Hamburg Talk Series in International Law
The talks and discussions address current and pressing issues in international law and international relations. Academics and practitioners, as well as graduate, post-graduate and doctoral students from different disciplines, are invited to register and to join the discussion!
If you have any inquiries regarding the talk series, contact Dr. Anne Dienelt: firstname.lastname@example.org
The Hamburg Summer Talk Series 2021:
- 28 June 2021, 6 pm CEST
UN Diplomacy 2.0?
Blanca Montejo & Maximilian Waßmuth
On 16 March 2020, all meetings and conferences at the UN headquarters in New York were canceled or postponed. They were soon switched to online fora, at the cost of human interaction and even political momentum. Nevertheless, the UN Security Council still kept delivering its mandate in these challenging times: It continued to pass critical solutions, including e.g. resolution 2532 (2020) supporting the Secretary General’s call for a global ceasere or resolution 2538 (2020) on women in peace operations; it also renewed the mandates of critical missions.
Now that the UN is reopening on 6 July, it is timely to take stock on what has been lost and was gained. Covid-19 should be used to open the door for future reection and reinvention. Can the lessons learned be used to strengthen multilateralism?
For more information, see here (PDF).
- 14 June 2021, 6 pm CEST
Analyzing Military Necessity
Dr. Nobuo Hayashi & Dr. Dieter Fleck & Prof. Dr. Stefan Oeter
The principle of military necessity is, like the other core principles of international humanitarian law (IHL) such as distinction or proportionality, an essential component of IHL. It allows for measures that are necessary to accomplish a lawful military purpose. In general, the only lawful military purpose is to weaken the other belligerent's military capacity, which can run counter to humanitarian exigencies. Past conflicts (e.g. the use of lethal force by Israel or the destruction of cultural property in Mali ) illustrate the challenges regarding military necessity in practice. How can military commanders and legal advisors in the field apply military necessity? How can it be better operationalized?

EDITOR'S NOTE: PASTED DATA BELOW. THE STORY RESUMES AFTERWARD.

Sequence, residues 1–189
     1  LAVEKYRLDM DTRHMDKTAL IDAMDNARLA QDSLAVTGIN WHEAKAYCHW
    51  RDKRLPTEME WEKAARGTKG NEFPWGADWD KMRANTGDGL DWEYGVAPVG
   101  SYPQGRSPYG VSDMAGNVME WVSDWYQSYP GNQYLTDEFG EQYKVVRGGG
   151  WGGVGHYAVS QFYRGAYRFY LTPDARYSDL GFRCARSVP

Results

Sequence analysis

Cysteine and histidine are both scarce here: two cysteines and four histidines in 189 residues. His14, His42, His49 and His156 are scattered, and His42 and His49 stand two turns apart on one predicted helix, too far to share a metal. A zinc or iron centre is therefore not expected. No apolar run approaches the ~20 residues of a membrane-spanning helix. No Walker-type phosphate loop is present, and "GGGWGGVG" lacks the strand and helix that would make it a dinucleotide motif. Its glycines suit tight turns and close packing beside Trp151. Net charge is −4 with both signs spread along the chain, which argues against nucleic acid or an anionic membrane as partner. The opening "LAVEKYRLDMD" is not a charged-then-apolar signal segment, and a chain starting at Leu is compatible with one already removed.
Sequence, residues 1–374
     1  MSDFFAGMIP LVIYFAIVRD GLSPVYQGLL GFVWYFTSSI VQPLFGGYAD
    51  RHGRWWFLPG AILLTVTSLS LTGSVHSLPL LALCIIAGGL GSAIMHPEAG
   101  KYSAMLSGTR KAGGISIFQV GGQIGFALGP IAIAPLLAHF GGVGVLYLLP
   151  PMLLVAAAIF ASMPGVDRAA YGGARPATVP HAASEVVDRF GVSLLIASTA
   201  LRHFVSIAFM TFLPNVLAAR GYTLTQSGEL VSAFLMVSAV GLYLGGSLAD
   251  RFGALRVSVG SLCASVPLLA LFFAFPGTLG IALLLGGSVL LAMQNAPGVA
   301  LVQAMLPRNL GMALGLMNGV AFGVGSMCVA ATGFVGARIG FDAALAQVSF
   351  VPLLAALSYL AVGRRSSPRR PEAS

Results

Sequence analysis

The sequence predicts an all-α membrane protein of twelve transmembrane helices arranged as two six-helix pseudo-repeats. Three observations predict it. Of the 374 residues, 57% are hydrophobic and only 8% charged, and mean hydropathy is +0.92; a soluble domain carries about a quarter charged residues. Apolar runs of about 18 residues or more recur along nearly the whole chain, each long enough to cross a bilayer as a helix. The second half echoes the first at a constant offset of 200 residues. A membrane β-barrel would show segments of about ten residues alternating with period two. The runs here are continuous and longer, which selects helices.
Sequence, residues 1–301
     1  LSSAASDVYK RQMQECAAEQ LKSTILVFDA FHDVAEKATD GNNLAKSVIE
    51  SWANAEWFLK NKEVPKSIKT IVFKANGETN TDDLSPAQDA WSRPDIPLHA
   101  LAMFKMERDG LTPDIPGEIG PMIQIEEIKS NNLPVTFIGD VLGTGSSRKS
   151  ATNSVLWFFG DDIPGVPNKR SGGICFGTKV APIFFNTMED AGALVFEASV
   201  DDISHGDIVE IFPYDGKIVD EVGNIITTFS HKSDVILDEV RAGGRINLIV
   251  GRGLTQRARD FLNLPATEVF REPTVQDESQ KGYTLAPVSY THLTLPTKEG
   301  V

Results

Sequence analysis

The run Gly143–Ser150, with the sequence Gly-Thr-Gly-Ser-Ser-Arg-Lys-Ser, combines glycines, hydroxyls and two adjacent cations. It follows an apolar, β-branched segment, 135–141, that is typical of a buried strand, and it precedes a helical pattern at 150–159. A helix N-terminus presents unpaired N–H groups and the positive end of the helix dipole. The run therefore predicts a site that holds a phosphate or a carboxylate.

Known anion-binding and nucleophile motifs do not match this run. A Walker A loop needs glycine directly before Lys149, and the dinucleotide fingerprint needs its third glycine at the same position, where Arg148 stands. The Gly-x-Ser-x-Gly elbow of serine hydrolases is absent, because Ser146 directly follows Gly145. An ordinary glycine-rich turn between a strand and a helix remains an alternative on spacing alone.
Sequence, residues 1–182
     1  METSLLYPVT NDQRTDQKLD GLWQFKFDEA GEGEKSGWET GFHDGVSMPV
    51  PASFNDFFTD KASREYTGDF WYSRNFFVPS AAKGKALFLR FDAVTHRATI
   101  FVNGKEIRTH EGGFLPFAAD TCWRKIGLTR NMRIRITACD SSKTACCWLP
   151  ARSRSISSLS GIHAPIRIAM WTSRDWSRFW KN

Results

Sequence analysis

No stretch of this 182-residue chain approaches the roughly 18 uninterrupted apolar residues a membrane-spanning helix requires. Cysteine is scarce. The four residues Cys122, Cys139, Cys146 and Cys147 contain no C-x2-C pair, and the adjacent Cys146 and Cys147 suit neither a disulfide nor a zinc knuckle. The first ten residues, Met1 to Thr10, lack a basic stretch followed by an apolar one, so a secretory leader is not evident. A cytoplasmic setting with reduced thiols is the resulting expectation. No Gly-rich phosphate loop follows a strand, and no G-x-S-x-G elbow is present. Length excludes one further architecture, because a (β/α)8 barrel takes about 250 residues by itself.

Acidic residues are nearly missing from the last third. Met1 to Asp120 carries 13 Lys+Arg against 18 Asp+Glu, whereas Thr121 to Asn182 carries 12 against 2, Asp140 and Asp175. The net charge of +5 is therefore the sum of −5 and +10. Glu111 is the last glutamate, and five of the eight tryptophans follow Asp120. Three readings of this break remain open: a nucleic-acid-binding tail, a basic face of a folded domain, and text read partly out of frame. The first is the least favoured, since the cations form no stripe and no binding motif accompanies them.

- 31 May 2021, 6 pm CEST
Climate Litigation - Law-Making by Nationals Courts?
Prof. Dr. Andreas L. Paulus & Prof. Dr. Marta Torre-Schaub & Dr. Laura Burgers
On 24 March 2021, the German Federal Constitutional Court (Bundesverfassungsgericht) issued an order in the case of the German Federal Climate Change Act. It held that the provisions of the Act governing national climate targets and the annual emission amounts allowed until 2030 were incompatible with fundamental rights in so far as they lack sucient specications for further emission reductions from 2031 onwards. Earlier in February 2021, the Paris Administrative Court had ruled that France had fallen short of meeting the targets of the Paris Agreement and was found guilty of failing to meet its commitments to combat global warming. After the prominent Urgenda case from 2019, the The Hague Court of First Instance will render its judgment in a case against the energy company Shell on 26 May 2021, which could have implications for future cases and the role of companies in meeting climate targets. Have these national developments anything in common? Are there any international legal implications of these national cases?
- 10 May 2021, 6 pm CEST
Up in the Air: The European Court of Human Rights' Interpretations of Extraterritorial Jurisdiction in Context
Kalika Mehta, Dr. Anne Dienelt & Prof. Dr. Stefan Oeter
On 16 February, the European Court of Human Rights ruled in favor of Germany in the case Hanan v. Germany concerning a 2009 NATO Kunduz airstrike resulting in the deaths of civilians in Afghanistan. Once again, the Court dealt with questions of extraterritorial jurisdiction. Did it clarify or modify its concept of extraterroriality? In what situations and under which circumstances have other Human Rights systems affirmed extraterritorial jurisdiction? What are the implications of the judgment for the German context?